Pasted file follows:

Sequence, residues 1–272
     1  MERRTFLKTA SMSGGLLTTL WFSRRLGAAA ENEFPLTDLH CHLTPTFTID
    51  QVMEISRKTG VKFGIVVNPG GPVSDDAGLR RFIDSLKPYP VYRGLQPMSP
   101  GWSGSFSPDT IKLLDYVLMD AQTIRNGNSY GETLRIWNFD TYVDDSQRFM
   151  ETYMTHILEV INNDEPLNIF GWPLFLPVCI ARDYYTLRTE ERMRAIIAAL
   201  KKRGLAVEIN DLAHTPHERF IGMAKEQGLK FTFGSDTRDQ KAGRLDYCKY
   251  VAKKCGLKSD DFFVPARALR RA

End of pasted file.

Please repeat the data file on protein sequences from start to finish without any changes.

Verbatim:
Sequence, residues 1–272
     1  MERRTFLKTA SMSGGLLTTL WFSRRLGAAA ENEFPLTDLH CHLTPTFTID
    51  QVMEISRKTG VKFGIVVNPG GPVSDDAGLR RFIDSLKPYP VYRGLQPMSP
   101  GWSGSFSPDT IKLLDYVLMD AQTIRNGNSY GETLRIWNFD TYVDDSQRFM
   151  ETYMTHILEV INNDEPLNIF GWPLFLPVCI ARDYYTLRTE ERMRAIIAAL
   201  KKRGLAVEIN DLAHTPHERF IGMAKEQGLK FTFGSDTRDQ KAGRLDYCKY
   251  VAKKCGLKSD DFFVPARALR RA